Course-focused and comprehensive, Poole’s Textbook on Contract Law provides an accessible overview of the key areas on the law curriculum. Contracts are legally enforceable agreements intended for planned exchanges that are regulated by the principles of contract law. This chapter looks at some of the main theories underpinning the development of English contract law and examines the nature of contractual liability. Contractual obligations arise largely from party agreement and this distinguishes contractual liability from liability in tort. Given the continued relevance of English law in a globalized world (in spite of the UK exiting the European Union), this chapter also briefly introduces the various attempts to produce a set of harmonized principles such as the Common European Sales Law, along with the impact of other international developments including the growth in e-commerce and electronic communications. Moreover, the chapter analyses the most significant European directives and their effect on the development of English contract law, especially in the context of consumer contracts. The implementation of these European directives has resulted in the introduction of the concept of ‘good faith’ into English contract law. Given the increasing importance of good faith as a concept, especially when in the context of ‘a relational contract’, the chapter gives detailed discussion on the scope of and application of good faith in performance of the contract. Finally, the chapter considers the implementation of the Consumer Rights Directive in a number of statutory instruments and the Consumer Rights Act 2015.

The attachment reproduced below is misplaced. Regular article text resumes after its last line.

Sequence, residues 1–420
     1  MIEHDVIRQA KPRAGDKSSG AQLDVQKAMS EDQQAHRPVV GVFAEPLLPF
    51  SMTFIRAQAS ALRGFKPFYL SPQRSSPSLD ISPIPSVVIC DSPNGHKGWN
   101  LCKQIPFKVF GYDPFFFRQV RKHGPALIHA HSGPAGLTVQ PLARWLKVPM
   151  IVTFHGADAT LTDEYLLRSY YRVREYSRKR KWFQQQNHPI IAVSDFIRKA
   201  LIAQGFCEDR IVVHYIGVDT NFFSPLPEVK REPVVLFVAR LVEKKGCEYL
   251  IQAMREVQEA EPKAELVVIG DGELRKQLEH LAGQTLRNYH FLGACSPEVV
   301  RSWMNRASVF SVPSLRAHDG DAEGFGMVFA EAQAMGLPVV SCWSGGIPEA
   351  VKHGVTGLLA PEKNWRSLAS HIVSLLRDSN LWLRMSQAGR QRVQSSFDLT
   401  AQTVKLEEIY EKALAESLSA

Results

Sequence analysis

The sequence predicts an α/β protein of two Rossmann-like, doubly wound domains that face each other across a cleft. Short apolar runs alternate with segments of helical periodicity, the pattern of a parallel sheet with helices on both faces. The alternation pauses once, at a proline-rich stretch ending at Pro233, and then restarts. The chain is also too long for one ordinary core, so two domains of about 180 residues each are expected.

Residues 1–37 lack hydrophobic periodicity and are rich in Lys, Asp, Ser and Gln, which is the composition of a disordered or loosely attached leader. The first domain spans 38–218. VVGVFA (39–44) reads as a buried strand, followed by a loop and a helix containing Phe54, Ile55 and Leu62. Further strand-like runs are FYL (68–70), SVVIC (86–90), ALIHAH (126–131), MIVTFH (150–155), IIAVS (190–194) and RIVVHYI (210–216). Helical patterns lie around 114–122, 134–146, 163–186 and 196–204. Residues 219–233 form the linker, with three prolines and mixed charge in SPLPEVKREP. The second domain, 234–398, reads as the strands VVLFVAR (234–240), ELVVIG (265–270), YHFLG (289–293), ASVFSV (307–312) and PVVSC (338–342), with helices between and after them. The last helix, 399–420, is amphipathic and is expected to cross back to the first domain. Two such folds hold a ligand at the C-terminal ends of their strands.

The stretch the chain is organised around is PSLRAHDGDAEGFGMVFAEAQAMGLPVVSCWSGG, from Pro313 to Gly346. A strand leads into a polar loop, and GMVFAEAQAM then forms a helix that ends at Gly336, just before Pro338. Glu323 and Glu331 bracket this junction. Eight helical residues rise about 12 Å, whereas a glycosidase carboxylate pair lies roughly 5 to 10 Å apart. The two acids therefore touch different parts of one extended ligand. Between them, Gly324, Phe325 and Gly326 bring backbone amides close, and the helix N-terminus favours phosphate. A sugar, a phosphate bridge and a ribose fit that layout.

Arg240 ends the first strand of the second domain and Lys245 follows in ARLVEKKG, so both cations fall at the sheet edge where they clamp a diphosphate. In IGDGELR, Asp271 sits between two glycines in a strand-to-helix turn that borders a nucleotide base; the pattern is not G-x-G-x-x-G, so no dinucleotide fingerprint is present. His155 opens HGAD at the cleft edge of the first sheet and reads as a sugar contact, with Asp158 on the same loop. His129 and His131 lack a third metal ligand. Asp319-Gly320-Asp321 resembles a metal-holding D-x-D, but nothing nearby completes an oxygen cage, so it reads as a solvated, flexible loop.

Chapter

Cover Poole's Textbook on Contract Law

1. Introduction to the law of contract  

Robert Merkin KC, Séverine Saintier, and Jill Poole

Course-focused and comprehensive, Poole’s Textbook on Contract Law provides an accessible overview of the key areas of the law curriculum. Contracts are legally enforceable agreements intended for planned exchanges that are regulated by the principles of contract law. This chapter looks at some of the main theories underpinning the development of English contract law and examines the nature of contractual liability. Contractual obligations arise largely from party agreement, and this distinguishes contractual liability from liability in tort. Given the continued relevance of English law in a globalized world (in spite of the UK exiting the European Union), this chapter also briefly introduces the various attempts to produce a set of harmonized principles such as the Common European Sales Law, along with the impact of other international developments including the growth in e-commerce and electronic communications. Moreover, the chapter analyses the most significant European directives and their effect on the development of English contract law, especially in the context of consumer contracts. The implementation of these European directives has resulted in the introduction of the concept of ‘good faith’ into English contract law. Given the increasing importance of good faith as a concept, especially in the context of ‘a relational contract’, the chapter gives detailed discussion on the scope of and application of good faith in performance of the contract. Finally, the chapter considers the implementation of the Consumer Rights Directive in a number of statutory instruments and the Consumer Rights Act 2015.